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Humayun Sharif trained as a structural biologist with Elena Conti at the Max Planck Institute of Biochemistry (Munich, Germany). He has MS (GIST, South Korea) and BS from (MAJU, Pakistan) in Bioinformatics. He is currently an instructor at Harvard Medical School/Boston Children’s Hospital with Hao Wu, following postdoctoral stints with Wu and Michael Eck at the same institution. He studies host-pathogen interaction and the innate immune response. He has a special interest in using structure-driven approaches for the elucidation of programmed cell-death pathways.
Inflammasomes are cytoplasmic supramolecular complexes that form in response to either microbial invasions or endogenous cell damage. Upon activation, inflammasomes initiate explosive programmed cell death (Pyroptosis). NLRP3 is one of the most studied inflammasome, but the molecular details of NLRP3 inflammasome activation remain elusive.
The study presented the cryo-electron microscopy (cryo-EM) structure of NLRP3 with NEK7 kinase and adenosine-dinucleotide (ADP) at 3.8 Å resolution. Structure determination by cryo-EM visualizes biomolecular assemblies in their native hydrated state at near atomic resolution due to the mechanical stability, low electron dose and image capture capabilities of modern detectors and electron microscopes. Associated advances in single-particle image processing algorithms allow assessment of structural heterogeneity over a large size range difficult to achieve by other methods. The size, heterogeneity, and flexibility of the NLRP3-NEK7 complex make cryo-EM the method of choice for its study.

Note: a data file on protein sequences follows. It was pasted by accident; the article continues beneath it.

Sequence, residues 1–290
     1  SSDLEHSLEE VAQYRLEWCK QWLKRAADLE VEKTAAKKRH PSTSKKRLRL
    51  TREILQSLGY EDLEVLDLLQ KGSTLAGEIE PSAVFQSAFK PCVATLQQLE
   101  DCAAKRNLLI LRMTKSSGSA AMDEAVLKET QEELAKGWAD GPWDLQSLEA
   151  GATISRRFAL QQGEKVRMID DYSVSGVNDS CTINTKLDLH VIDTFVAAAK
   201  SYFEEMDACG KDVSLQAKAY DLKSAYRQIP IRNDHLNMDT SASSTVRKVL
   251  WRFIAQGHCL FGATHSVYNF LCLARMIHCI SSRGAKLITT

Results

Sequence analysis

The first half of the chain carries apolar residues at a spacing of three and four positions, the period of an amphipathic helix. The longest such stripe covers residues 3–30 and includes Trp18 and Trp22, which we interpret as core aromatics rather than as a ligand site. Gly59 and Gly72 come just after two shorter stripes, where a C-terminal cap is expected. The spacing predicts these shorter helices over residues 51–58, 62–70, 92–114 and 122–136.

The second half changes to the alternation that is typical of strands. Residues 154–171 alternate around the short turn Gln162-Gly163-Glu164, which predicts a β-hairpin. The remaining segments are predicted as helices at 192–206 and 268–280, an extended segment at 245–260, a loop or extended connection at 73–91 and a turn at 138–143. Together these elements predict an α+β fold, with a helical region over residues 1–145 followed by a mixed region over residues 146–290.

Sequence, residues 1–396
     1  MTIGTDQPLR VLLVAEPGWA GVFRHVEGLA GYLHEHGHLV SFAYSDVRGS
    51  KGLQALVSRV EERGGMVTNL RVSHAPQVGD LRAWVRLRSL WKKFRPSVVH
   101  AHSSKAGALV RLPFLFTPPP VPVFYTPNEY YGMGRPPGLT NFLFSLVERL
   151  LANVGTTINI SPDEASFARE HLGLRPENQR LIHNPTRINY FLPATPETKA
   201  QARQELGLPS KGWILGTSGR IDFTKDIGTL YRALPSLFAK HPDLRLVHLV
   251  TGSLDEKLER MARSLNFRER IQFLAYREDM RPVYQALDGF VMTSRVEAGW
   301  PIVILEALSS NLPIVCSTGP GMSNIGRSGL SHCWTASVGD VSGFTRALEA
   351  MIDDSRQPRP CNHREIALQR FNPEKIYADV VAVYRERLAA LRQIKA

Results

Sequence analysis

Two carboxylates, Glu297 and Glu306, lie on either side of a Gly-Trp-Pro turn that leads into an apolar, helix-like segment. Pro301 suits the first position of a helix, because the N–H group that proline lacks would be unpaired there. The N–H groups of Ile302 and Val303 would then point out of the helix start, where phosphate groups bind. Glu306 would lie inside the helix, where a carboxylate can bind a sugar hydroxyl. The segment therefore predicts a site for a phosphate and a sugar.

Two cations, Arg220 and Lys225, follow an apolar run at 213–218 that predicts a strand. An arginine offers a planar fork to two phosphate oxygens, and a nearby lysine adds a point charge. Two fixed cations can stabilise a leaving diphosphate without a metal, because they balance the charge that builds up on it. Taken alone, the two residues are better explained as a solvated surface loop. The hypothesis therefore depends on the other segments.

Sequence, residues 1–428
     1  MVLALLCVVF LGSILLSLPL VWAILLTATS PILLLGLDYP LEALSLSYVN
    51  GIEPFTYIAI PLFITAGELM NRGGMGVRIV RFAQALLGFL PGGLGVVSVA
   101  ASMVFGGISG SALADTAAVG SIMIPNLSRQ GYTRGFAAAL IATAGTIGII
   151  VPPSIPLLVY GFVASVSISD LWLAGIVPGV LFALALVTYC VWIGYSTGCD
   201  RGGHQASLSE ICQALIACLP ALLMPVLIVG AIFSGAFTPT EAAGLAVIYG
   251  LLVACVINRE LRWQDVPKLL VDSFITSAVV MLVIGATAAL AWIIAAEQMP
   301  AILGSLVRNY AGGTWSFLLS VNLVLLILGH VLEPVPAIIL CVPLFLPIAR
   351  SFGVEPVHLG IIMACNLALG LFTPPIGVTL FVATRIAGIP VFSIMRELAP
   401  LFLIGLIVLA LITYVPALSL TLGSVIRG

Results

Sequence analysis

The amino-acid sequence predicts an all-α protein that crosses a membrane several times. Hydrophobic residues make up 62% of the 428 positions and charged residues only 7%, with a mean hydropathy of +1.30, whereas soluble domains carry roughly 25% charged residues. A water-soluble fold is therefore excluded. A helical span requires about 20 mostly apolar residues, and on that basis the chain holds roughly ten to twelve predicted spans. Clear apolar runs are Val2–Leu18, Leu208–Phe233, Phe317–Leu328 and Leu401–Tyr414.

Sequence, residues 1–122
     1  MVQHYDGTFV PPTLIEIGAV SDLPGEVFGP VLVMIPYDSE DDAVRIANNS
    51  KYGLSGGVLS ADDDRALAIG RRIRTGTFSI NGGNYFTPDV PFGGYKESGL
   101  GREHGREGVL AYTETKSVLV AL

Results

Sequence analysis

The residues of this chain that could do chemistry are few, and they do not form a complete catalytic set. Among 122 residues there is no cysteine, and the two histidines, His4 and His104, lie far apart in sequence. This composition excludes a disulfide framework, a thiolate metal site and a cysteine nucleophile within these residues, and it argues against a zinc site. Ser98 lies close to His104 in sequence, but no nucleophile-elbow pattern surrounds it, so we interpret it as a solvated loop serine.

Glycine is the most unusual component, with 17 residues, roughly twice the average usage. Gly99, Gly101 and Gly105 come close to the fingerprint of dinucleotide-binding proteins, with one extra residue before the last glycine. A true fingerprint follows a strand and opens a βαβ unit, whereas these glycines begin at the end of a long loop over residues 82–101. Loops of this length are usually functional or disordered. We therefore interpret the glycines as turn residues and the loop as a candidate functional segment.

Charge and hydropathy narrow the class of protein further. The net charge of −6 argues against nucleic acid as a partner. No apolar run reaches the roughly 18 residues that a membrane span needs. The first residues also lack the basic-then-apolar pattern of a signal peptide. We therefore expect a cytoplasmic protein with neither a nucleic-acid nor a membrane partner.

Since NLRP3 is in an activated conformation in the complex, a homologous activated inflammasome structure was used for de novo modeling. This bipartite interaction of NEK7 with NLRP3-LRR in a disk-like assembly was revealed to be critical for activation. Almost all NLRP3 mutations lie in NACHT domain and surround the ADP-binding pocket. The structure rationalizes how these mutations compromise interdomain interactions of NACHT or disrupt the ADP-binding pocket required for NLRP3 activation. These insights were validated with subsequent biochemical and cellular assays. They will be valuable in guiding the design of inhibitors for treatment of CAPS and other inflammatory diseases.